As you’re examining the latest wave of transactions on your bank or credit card statement, you notice an unfamiliar fee. Should you just bite the bullet and pay it, or should you ask your financial institution to have it removed?
The latter sounds like a hassle but it’s not at all hopeless. A survey conducted in 2013 by Credit.com found that 44 percent of respondents were successful in getting a bank or credit card fee reversed because they asked or complained. You too can be successful if you approach it right.
A few important reminders
Before you reach out to your financial institution or credit card issuer, here are a few general tips to keep in mind:
Address the issue promptly. As soon as the fee posts to your account, that’s your cue to pick up the phone. Getting results only gets more difficult over time.
Be prepared. Jot down the exact fee you wish to be reversed, along with the posting date and your reasoning. You’ll also want to leave a place in your notes to document the representative’s name, as well as the date and time of your call and details of the discussion in the event that they don’t execute their promise.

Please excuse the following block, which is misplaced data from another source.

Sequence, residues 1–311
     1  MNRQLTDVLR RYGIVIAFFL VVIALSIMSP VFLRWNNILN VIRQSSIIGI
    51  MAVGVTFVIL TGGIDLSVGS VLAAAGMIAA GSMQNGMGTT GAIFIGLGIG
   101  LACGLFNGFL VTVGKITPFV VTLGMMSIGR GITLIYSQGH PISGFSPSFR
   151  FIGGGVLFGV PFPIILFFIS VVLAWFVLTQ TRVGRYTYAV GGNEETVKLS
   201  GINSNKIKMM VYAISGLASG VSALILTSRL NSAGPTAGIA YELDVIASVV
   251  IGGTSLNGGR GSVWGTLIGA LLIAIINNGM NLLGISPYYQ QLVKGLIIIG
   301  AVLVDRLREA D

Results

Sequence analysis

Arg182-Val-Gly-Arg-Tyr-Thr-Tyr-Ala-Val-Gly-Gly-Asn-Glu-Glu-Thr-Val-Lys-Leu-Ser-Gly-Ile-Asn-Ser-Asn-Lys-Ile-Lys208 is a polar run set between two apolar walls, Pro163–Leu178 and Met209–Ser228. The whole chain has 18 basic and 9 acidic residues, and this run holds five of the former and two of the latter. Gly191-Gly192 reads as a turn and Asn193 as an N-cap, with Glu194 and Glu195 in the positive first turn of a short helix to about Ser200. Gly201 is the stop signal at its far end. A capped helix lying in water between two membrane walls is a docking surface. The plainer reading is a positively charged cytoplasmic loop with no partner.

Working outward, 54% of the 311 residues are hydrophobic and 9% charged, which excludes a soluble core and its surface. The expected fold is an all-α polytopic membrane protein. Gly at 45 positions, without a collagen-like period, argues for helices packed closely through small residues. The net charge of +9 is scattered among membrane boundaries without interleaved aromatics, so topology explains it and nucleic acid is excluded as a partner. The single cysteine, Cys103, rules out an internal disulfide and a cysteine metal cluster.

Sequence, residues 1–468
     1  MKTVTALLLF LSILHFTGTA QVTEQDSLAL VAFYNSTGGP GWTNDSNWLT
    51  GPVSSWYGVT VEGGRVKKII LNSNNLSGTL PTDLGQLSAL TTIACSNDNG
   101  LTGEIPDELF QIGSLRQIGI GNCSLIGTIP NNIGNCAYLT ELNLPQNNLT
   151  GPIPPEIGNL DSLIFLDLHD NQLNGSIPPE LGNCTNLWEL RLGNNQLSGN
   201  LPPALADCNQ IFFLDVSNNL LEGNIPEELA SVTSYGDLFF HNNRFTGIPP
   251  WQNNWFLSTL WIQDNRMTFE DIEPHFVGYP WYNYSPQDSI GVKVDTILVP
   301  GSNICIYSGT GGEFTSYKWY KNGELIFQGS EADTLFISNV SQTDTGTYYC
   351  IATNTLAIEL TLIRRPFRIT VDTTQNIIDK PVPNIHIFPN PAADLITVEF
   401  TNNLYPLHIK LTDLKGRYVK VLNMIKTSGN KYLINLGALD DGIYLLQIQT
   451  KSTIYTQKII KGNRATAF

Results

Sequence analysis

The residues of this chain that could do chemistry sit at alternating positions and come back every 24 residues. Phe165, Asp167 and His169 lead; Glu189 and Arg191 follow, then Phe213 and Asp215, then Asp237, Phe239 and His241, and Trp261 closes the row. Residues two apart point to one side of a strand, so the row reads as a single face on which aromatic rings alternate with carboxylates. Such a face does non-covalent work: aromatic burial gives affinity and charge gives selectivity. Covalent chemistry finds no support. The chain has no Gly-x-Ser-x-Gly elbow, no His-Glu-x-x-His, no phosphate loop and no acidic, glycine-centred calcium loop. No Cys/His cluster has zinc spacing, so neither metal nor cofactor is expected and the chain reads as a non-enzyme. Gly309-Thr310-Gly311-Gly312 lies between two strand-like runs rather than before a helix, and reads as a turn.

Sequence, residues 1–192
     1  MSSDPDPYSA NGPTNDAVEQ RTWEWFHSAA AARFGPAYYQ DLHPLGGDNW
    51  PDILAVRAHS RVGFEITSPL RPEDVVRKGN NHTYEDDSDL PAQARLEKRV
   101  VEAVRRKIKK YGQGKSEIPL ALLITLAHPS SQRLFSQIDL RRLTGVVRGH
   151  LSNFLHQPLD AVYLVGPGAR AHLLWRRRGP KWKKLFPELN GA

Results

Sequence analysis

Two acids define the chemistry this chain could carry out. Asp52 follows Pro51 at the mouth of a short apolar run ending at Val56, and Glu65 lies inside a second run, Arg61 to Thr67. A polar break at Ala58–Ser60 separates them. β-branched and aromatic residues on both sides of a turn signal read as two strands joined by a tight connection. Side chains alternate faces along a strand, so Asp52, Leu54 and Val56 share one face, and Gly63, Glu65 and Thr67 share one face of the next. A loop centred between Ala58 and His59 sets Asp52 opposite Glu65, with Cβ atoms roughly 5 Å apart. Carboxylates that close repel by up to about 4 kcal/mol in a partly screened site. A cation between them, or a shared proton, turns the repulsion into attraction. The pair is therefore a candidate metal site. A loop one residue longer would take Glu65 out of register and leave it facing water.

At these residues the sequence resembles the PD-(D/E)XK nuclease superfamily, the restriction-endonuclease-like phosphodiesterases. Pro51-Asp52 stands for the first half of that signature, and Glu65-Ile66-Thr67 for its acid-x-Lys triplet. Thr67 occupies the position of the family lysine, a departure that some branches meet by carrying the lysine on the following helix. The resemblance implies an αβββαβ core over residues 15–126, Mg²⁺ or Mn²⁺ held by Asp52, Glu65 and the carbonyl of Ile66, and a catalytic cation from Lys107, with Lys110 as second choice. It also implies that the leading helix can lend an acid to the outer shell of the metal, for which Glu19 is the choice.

The early bird gets the worm. You want to deal with someone who is pleasant and dedicated to providing an optimal level of customer service. However, call center customer service jobs can be draining, so make your call early in the day — not in the late afternoon when the representatives are exhausted and their patience is on the wane.
Attitude is everything. We all learned in grade school to treat others the way we want to be treated. And this rule definitely applies when requesting a fee reversal. When you call in, pleasantly state your case, explain what you’ll do to prevent the issue from recurring, and request a pass because of your usual stellar history as a customer. Being polite will usually be more effective than being demanding.
Don’t give up. If the first request doesn’t work, you can always ask to speak to a supervisor, or hang up and try again.